Portuguese Chapel of San Diego
San Diego, San Diego County
Imperio Capela is a small wood-framed chapel inspired by similar chapels from the islands of Terciera and Pico in the Azores. Intended for use in conjunction with the Portuguese Festa, the design also emulates a Portuguese tuna boat. The chapel represents a culturally significant architectural response to an important community festival.
West Sacramento, Yolo County
This 1940 Streamline Moderne firehouse is located in the Washington neighborhood. Designed by George Sellon, the building was funded by the Works Progress Administration.
All nominations and photographs of properties under consideration are available at www.ohp.parks.ca.gov/pending.
The public may present oral statements at the hearing at the appropriate time. Written comments about any subject on the agenda may be submitted to Julianne Polanco, State Historic Preservation Officer, Office of Historic Preservation, Post Office Box 942896, Sacramento, California 94296-0001. Inquiries may be directed to Recording Secretary Twila Willis-Hunter by phone at (916) 445-7052, by fax at (916) 445-7053 or by mail to the State Historical Resources Commission, Post Office Box 942896, Sacramento, California 94296-0001. Notices and agendas for the Commission’s workshop and meeting are available at ten days before the meeting.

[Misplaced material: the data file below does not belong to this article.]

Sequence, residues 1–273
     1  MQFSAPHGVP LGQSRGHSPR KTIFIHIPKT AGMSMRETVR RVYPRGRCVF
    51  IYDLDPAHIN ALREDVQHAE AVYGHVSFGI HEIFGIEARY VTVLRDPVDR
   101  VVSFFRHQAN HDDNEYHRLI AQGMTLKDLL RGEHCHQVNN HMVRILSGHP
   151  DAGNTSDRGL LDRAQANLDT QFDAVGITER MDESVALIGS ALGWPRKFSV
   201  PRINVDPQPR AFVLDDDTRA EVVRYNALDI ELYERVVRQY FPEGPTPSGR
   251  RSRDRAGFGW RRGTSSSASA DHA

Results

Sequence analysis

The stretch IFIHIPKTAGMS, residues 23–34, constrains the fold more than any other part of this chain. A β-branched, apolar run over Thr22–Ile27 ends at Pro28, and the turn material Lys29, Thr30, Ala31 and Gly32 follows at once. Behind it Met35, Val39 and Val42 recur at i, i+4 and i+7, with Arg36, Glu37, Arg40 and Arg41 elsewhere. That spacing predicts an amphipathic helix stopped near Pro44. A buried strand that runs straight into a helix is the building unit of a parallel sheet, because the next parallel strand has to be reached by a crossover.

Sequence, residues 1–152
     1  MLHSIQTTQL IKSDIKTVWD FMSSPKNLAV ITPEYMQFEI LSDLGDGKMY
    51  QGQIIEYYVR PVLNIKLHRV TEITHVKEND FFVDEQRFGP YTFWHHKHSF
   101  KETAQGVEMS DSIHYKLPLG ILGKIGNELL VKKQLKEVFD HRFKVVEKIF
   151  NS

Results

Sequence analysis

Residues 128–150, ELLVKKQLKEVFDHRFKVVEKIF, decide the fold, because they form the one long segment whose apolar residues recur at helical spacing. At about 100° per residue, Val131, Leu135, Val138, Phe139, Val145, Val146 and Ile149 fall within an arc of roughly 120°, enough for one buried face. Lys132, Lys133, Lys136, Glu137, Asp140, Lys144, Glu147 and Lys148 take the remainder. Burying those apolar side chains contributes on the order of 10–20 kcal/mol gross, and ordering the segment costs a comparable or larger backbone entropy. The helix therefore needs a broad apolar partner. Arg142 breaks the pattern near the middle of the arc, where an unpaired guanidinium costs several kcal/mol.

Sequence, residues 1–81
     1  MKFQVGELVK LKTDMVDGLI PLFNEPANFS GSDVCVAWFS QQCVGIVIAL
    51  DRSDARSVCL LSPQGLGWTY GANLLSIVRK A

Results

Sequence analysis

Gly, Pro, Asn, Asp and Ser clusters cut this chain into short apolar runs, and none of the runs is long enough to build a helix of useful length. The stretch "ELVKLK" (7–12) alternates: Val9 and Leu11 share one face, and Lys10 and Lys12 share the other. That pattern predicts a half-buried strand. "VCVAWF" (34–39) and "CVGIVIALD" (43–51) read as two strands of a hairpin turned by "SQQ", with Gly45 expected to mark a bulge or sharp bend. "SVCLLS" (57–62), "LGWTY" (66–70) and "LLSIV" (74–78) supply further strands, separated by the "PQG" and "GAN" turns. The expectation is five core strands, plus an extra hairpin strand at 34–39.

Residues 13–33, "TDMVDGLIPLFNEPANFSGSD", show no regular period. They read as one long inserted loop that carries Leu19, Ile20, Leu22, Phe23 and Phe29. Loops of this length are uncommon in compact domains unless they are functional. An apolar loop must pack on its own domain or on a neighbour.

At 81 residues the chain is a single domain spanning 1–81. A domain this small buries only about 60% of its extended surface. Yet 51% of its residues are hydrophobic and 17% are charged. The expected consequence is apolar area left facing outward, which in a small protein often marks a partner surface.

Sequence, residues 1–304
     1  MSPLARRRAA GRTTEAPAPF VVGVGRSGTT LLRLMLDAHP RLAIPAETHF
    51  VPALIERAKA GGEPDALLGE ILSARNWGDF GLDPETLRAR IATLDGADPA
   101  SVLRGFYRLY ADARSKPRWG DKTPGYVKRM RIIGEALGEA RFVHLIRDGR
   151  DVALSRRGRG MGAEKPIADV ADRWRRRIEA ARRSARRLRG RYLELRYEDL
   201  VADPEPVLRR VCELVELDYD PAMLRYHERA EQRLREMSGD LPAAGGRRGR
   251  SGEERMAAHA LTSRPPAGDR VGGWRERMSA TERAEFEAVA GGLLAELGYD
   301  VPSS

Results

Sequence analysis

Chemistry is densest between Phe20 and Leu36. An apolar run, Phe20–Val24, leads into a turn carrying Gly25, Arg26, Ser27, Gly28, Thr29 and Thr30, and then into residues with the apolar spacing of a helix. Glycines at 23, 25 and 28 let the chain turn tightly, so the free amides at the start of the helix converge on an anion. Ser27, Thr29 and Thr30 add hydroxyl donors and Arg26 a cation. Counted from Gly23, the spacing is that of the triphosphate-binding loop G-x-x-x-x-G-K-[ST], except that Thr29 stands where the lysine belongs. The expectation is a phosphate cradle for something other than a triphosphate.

The National Register of Historic Places is part of a national program that coordinates and supports public and private efforts to identify, evaluate, and protect America’s historic and archaeological resources. The California Register of Historical Resources includes buildings, sites, structures, objects and districts significant in the architectural, engineering, scientific, economic, agricultural, educational, social, political, military or cultural annals of California.
Notices and agendas for California State Historical Commission meetings can be found online at www.parks.ca.gov/commissions.
California State Parks Mission
To provide for the health, inspiration and education of the people of California by helping to preserve the state’s extraordinary biological diversity, protecting its most valued natural and cultural resources, and creating opportunities for high quality outdoor recreation.